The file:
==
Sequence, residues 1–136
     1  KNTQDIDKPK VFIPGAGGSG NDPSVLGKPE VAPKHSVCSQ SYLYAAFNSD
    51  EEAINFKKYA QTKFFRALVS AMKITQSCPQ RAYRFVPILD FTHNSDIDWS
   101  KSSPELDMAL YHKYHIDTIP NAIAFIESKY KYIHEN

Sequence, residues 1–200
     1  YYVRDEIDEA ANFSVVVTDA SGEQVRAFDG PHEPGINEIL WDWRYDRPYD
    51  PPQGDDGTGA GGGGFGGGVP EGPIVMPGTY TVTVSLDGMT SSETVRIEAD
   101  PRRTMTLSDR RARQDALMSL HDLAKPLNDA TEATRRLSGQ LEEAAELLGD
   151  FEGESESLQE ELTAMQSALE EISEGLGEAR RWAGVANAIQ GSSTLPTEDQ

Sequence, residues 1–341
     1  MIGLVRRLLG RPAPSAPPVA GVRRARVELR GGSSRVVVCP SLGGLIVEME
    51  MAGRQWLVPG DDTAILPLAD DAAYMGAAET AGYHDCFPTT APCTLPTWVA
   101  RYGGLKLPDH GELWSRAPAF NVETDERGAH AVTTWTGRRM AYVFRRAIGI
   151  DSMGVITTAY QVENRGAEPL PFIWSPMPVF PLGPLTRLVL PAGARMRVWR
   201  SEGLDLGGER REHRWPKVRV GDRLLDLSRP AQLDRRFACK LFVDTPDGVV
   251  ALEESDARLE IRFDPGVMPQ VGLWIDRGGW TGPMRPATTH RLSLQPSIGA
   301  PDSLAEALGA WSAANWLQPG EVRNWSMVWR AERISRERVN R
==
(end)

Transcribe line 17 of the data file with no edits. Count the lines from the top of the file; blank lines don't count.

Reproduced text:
   301  PDSLAEALGA WSAANWLQPG EVRNWSMVWR AERISRERVN R